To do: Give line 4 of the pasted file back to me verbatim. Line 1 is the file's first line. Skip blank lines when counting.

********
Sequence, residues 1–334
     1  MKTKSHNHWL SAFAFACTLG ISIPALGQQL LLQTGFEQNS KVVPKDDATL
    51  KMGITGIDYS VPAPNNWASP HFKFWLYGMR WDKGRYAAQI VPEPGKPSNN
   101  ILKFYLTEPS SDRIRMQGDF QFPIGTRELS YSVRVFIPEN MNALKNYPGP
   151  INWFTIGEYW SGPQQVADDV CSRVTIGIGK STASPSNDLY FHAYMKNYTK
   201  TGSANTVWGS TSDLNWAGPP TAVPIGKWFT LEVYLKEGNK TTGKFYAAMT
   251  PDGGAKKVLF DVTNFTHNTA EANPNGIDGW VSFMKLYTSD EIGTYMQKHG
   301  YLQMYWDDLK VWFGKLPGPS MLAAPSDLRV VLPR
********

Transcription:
   101  ILKFYLTEPS SDRIRMQGDF QFPIGTRELS YSVRVFIPEN MNALKNYPGP